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I believe I would want to leave heaven right where it is, but build a serpetine entry via the staircase with some carefully thought out dodging.Just enough so that the beautiful composition is not overwhelmed by heaven. I think I see enough info in the stairs to let this really build on the mood your title  suggests

« Last Edit: March 11, 2011, 07:28:22 PM by Patricia Sheley » Logged

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AndrewKulin
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« Reply #9 on: March 12, 2011, 10:41:39 AM »
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I like it as is and do not agree that the brightness of the sun hurts the photo.  If the title were different maybe I would feel differently, but you hear those stories of people who have had near death experiences about seeing a bright light at the end of a tunnel, and so this captures that essence in my mind.

Regards,
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RSL
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« Reply #10 on: March 12, 2011, 12:17:00 PM »
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...so that the beautiful composition is not overwhelmed by heaven.

Patricia, I should think that any composition would be overwhelmed by heaven.
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Patricia Sheley
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« Reply #11 on: March 12, 2011, 02:06:43 PM »
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Patricia, I should think that any composition would be overwhelmed by heaven.
Russ..you have no idea how much I needed that!!! Been fighting corporate filing issues all morning .... I know there must be a heaven, otherwise how could this day feel like such a personal hell. Then a moment like this comes along, and all is lightened! Thanks...
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EduPerez
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« Reply #12 on: March 14, 2011, 03:32:53 AM »
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Well, the fact is that I increased the contrast intentionally, during the post-process: in the original, neither the staircase is so dark, nor the sun is such a blob; but probably I went too far, thanks for your opinions! Will follow your advice, and work on it some more; will be back again soon.

And about the title... I must confess I never take titles too seriously, as I am of the opinion that photographs must speak for themselves, and not need a title. I just used this because it sounded funny and appropriate.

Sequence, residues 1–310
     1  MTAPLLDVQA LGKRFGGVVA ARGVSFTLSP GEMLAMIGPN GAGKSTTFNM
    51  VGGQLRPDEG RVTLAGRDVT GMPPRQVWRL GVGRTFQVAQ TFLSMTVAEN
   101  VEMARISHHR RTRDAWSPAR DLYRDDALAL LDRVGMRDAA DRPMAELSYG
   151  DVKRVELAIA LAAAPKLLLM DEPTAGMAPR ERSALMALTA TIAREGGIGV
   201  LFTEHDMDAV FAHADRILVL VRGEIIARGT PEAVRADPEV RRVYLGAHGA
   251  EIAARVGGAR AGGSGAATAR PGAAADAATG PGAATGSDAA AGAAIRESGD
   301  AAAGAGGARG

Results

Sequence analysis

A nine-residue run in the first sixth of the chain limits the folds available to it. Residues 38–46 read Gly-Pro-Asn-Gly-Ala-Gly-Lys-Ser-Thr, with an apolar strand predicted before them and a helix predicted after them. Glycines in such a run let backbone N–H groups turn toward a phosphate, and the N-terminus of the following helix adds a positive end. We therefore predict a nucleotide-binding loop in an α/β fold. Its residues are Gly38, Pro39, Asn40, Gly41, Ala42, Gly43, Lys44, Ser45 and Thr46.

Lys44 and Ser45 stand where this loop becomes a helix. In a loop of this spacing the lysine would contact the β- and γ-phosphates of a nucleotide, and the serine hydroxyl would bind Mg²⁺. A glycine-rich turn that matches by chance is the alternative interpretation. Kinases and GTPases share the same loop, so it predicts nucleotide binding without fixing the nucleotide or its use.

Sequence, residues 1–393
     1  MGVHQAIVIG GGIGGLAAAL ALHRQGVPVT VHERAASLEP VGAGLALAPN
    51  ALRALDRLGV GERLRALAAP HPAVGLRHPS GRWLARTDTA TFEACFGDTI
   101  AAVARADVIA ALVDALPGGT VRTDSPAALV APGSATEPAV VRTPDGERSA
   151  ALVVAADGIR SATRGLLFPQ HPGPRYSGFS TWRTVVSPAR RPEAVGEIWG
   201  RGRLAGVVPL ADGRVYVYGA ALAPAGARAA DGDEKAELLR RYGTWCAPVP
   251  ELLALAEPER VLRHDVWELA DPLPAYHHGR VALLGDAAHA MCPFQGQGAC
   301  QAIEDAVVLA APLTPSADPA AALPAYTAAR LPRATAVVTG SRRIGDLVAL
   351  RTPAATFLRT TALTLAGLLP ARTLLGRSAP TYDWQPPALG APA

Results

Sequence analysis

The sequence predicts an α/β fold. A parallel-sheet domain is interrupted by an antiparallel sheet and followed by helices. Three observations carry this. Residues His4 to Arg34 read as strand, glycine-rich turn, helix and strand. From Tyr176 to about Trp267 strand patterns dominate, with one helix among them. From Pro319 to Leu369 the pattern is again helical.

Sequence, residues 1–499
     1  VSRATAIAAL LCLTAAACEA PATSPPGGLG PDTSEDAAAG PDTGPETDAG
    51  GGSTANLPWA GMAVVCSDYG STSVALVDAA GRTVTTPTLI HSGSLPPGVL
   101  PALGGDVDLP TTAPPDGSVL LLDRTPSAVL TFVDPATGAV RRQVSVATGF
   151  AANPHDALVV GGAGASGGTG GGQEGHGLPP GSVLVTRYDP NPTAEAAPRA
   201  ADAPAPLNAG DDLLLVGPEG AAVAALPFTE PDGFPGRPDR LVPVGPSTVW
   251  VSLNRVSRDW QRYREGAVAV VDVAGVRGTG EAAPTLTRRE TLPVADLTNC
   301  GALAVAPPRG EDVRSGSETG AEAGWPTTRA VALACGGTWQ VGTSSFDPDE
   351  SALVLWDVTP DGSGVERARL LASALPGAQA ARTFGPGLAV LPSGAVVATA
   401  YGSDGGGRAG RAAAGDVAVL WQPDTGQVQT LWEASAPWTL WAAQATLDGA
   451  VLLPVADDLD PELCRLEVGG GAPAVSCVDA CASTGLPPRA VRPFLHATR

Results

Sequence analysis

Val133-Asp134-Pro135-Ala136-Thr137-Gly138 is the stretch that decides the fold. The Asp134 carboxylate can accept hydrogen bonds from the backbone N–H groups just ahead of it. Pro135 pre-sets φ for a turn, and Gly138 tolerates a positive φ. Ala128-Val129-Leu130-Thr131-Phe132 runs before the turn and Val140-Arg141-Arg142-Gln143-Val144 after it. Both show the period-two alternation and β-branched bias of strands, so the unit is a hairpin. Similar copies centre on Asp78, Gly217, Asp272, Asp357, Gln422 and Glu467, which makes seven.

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EduPerez
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« Reply #13 on: March 14, 2011, 05:17:29 PM »
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I have re-edited the image... I will stick to my guns and keep the over/underexposed areas, I think they are intrinsic to the message.
But I liked the idea of "re-balancing the image", and added some light on the lower part of the staircase; the image looks much better now, at least to me.

Many thanks for the advice.
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John R Smith
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« Reply #14 on: March 15, 2011, 04:00:40 AM »
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Ed

I really like that so much better. Re-balanced it is, indeed. It's interesting that you have not really changed the sunburst much, if at all, but the lightening of the steps makes it seem as if you had. A very nice piece of tone-mapping, and the picture is now worthy of a place in your excellent web gallery.

John
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EduPerez
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« Reply #15 on: March 15, 2011, 02:59:04 PM »
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Ed

I really like that so much better. Re-balanced it is, indeed. It's interesting that you have not really changed the sunburst much, if at all, but the lightening of the steps makes it seem as if you had. A very nice piece of tone-mapping, and the picture is now worthy of a place in your excellent web gallery.